The grantor must have the ability to grant the thing or privilege. It must be executed by the grantor in presence of the number of witnesses. In some jurisdictions, a seal must be affixed to it, affixing seals made persons parties to the deed and signatures optional, but seals are now outdated in most jurisdictions, so the signatures of the grantor and witnesses are primary. It must be delivered to and accepted by the grantee, conditions attached to the acceptance of a deed are known as covenants. A deed indented or indenture is one executed in two or more according to the number of parties, which were formerly separated by cutting in a curved or indented line known as the chirograph. A deed poll is one executed in one part, by one party, having the edge polled or cut even, in the transfer of real estate, a deed conveys ownership from the old owner to the new owner, and can include various warranties. The precise name and nature of these differ by jurisdiction. Often, the differences between them is the degree to which the grantor warrants the title.
The grantor may give a general warranty of title against any claims, the latter type of deed is usually known as a special warranty deed
A dacha is a seasonal or year-round second home, often located in the exurbs of Russian and other post-Soviet cities. In some cases, dachas are occupied for part of the year by their owners, people in dachas are colloquially called dachniks, the term usually refers not only to presence in dacha, but to a whole distinctive lifestyle. The Russian term is said to have no exact counterpart in English. Dachas are very common in Russia, and are widespread in most parts of the former Soviet Union. It was estimated that in 1995 about 25% of Russian families living in cities had dachas. Most dachas are in colonies of dachas and garden plots near large cities, that have existed since the Soviet era and they were initially intended only as recreation getaways of city dwellers and for the purpose of growing small gardens for food. Dachas are used today for fishing and other leisure activities, dachas originated as small country estates given as a gift by the tsar, and have been popular among the upper and middle classes ever since.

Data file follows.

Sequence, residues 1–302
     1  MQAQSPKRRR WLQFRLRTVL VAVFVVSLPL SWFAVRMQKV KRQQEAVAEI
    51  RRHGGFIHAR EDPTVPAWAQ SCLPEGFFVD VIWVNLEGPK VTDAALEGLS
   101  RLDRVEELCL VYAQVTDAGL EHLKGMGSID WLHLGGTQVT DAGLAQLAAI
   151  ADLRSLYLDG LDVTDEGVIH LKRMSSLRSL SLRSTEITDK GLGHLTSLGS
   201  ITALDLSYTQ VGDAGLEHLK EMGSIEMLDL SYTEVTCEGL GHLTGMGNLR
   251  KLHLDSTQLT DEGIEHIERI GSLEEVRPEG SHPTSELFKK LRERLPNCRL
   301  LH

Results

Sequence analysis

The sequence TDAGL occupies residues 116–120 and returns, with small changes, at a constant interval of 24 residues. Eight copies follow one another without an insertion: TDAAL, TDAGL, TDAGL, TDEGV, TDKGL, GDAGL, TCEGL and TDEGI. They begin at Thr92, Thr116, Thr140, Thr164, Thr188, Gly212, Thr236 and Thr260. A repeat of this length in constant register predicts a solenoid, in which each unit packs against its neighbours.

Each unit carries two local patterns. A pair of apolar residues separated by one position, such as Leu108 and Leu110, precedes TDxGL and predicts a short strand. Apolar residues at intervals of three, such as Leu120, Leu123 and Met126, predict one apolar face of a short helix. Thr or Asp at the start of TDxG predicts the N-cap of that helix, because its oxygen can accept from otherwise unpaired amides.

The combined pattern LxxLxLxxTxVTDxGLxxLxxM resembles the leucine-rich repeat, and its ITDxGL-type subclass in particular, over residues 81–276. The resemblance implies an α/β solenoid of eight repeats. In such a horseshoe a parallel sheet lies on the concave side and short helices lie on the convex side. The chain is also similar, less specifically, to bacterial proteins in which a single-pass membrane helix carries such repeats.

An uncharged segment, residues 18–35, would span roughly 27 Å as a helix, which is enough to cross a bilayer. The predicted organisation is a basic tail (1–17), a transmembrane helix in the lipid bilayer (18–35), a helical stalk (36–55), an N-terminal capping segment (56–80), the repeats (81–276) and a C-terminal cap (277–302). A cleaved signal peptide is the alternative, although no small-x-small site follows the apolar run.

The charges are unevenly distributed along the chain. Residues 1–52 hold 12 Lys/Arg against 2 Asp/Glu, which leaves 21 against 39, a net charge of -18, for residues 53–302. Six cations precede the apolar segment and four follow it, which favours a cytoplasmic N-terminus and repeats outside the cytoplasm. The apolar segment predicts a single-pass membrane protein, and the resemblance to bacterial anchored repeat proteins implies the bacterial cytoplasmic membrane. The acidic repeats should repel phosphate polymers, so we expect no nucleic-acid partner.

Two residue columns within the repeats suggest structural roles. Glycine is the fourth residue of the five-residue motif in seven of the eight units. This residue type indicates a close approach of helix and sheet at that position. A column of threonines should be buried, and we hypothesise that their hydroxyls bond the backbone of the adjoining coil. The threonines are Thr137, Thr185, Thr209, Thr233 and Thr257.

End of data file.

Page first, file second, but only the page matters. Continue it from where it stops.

During the Soviet era, many dachas were state-owned, and were given to the elite of the Communist Party of the Soviet Union, state dachas continue to be owned by the government of the Russian Federation, for use by the president and other officials. In the 1980s, the rules were loosened, and since 1990, the first dachas in Russia began to appear during the 17th century, initially referring to small estates in the country that were given to loyal vassals by the tsar. In archaic Russian, the word means something given, from the verb дать - to give. During the Age of Enlightenment, Russian aristocracy used their dachas for social and cultural gatherings, by the end of the 19th century, the dacha became a favorite summer retreat for the upper and middle classes of Russian society. In the tsarist era, dachas tended to have pleasure gardens, anton Chekhov wrote a novelette entitled Dachniki, about newlywed city-dwellers living a simple summer life of walks in the countryside. Following the Russian Revolution, most dachas were nationalised, all but a few dachas remained the property of the state and the right to use them was usually revoked when a dacha occupant was dismissed or fell out of favour with the rulers of the state.
Building new dachas required permission from officials and was rarely granted during the early years of the Soviet Union. The seniormost Soviet leaders all had their own dachas, and Joseph Stalins favourite was in Gagra, new dachas started to build in larger numbers during the 1930s, and dacha colonies for artists, or soldiers, or various classes of party functionaries, started to form. There were legal restrictions for dacha houses in the Soviet era. They had to have not more than 60 m2 of living area, for that reason, they usually had a mansard roof, which was considered by authorities as just a large garret or attic, not a second storey. Often ill-equipped and without indoor plumbing, dachas were nevertheless a solution for millions of working-class families, having a piece of land offered an opportunity for city dwellers to indulge themselves in growing their own fruits and vegetables
Chinese units of measurement